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The demise of IBOR: key considerations to prepare for the phase out

25 June 2020

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At the end of 2021, the Inter Bank Offered Rate (IBOR) is due to be phased out. Alternative Reference Rates (ARRs), also known as risk-free rates (RFRs), have been identified as a replacement in most jurisdictions.

While the abolition date may seem distant, investors will be looking for issuers to address the slew of changes sooner than later. We recently hosted a webinar, where we welcomed a panel of experts moderated by Cliff Pearce, Global Head of Capital Markets to discuss the end of IBOR and what the impact will be. Our expert panelists were Miles Hunt, Head of Securitised Products and Alternatives Syndicates at NatWest Markets, Rob Ford, Founding Partner at TwentyFour Asset Management, Simon Hugo, Partner at Reed Smith, and Helena Whitaker, Head of UK Capital Markets at Intertrust.

Market readiness

From the perspective of the banks, it’s highly likely that they’ll be ready; in fact, there’s no option not to be ready. A number of bank issuers have already started to make the proactive step to transferring their older legacy deals that will cross over into 2021 to alternative rates. From the regulators point of view, they’ve been very clear on the deadline and despite COVID-19, they’re not likely to budge. For other market participants, particularly regulated firms, they’re still getting to grips with the scale of the issue and how it’ll work it out. Some haven’t yet addressed the IBOR problem at all and, in some cases, new deals with IBOR coupons are still coming to market. For service providers, like Intertrust, many were making good progress this year with IBOR preparations however the coronavirus has resulted in delays. For us, we’re active in facilitating the repapering of the IBOR rate and are working closely with clients to ensure the deadline is still met in a timely manner.

Rates are currently at an all-time low, resulting in a lot of interest rate risk on the books, so it’s clear that during this time of uncertainty, everyone needs to continue monitoring the market to prepare and know when the right time will be to make the transition.

Risk-free rates: fit for purpose?

The securitisation market has already started to make the switch to a Sterling Overnight Interbank Average rate (SONIA). Despite overnight rates being quite volatile and more complex, it’s still a workable option for the most part. Additionally, there are rumours that changes could be made to the SONIA methodology and if this will be the case, then it needs to be done sooner than later. It’s not a viable situation to have half the bonds on one methodology and half the bonds on another. With 18 months to go until the deadline, clarity is needed, and it’s needed fast.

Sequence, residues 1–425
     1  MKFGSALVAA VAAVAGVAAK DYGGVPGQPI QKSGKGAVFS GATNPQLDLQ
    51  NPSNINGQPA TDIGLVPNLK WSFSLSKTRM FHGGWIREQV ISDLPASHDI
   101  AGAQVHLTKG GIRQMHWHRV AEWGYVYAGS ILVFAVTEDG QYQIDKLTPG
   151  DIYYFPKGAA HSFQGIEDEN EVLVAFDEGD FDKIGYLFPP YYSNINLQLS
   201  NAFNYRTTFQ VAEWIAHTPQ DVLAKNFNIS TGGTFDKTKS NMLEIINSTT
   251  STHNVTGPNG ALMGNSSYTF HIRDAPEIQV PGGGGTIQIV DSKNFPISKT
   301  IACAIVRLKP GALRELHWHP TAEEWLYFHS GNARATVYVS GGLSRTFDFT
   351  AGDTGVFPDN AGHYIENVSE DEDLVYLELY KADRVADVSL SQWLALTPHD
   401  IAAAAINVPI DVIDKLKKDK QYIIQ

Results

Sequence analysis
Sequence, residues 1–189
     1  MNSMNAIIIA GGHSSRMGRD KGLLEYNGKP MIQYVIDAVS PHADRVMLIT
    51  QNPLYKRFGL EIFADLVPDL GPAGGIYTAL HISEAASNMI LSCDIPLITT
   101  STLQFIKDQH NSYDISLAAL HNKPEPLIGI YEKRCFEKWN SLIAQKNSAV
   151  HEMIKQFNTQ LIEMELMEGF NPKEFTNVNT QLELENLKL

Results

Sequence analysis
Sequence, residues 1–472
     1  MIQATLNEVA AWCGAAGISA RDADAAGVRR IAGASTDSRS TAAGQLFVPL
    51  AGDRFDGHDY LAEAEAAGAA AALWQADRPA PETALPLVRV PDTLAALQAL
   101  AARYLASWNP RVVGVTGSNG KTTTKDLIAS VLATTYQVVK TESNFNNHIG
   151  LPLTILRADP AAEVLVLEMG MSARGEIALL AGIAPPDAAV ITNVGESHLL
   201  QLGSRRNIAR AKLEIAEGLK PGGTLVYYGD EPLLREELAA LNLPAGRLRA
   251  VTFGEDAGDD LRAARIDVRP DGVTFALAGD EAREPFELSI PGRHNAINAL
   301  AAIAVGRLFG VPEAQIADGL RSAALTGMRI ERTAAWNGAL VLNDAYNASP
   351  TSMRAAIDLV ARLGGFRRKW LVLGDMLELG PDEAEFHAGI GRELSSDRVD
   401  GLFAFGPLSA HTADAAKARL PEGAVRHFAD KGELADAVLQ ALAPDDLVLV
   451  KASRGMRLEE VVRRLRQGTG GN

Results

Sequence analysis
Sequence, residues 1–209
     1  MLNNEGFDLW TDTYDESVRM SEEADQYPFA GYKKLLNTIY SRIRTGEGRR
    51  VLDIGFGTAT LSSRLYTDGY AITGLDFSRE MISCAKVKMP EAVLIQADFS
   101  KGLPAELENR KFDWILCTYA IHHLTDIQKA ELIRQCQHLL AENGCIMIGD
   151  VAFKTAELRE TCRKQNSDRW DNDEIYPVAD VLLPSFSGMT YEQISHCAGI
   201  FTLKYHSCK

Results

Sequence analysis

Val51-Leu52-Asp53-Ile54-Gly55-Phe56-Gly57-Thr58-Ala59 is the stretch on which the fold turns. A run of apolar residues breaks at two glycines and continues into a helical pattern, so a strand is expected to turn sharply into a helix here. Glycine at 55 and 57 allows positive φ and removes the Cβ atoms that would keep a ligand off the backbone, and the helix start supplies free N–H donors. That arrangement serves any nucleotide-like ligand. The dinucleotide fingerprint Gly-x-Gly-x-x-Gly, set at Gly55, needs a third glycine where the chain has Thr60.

The backwards looking methodology is relatively complex, complicated and difficult to manage but these complexities are getting ironed out, with the larger institutions still seeing this option as fit for purpose. There’ll always be teething issues with the introduction of new rates, and whilst having a simpler rate might make more sense, the market liquidity is in the overnight rate. This will be the alternative RFR that’s here to stay.

Where does ultimate responsibility lie?

The ultimate responsibility for resolving and repapering lies with the companies, lenders and issuers. In the structured finance and securitisation space, it’s very much done in conjunction with any originators or lenders. The mortgage lenders (or servicers) need to engage with service providers and issuers early on to ensure both sides are addressed. A number of investors are actively engaging service providers like Intertrust to find out what the plans are. On the most part, it’s seen as very much a joint effort to reach an IBOR resolution.

On the trustee and facility agent side, they’re generally waiting to see what the issuers do first and aren’t necessarily seen as the drivers for initiating the IBOR transition plans. This isn’t to say that the trustees won’t be helpful in the process. To do their bit, they’re starting to take stock of their books, particularly the legacy transactions, and ensuring obligations that do sit with them are met. They’re also likely to be involved when it comes to any amendments or consent solicitations that need to take place, so they’ll very much take an active role once the process gets going, even if they’re not necessarily the initiators.

Big issuers want to be on the front foot. Most of the issuers and investors want this transition to happen and, in many cases, they’ve needed a leap of faith to identify the appropriate rate at the right time to make the transition. The bulk of the market will move but the legacy deals will have a tail that needs resolving. The sooner there’s a decision on how these legacy deals will be resolved, the less volatility there will be in the market.

TwentyFour Asset Management have embraced the IBOR phasing out from a change point of view and want to see it happen. There are some costs associated with the legacy deals and minefields of issues that still need working through but, in general, it’s recognised that this process needs to happen, and service providers can be the facilitators in navigating through these minefields.

Next steps

As one of the largest corporate services providers in Europe and across the globe, we’re at the forefront of all processes following the ending of LIBOR and can facilitate and implement new RFRs. With experience and expertise in all elements that need to be addressed, we’re happy to discuss your next steps in embracing all the changes the phasing out of IBOR will bring.

If you’d like to download the recording of the webinar, please click here.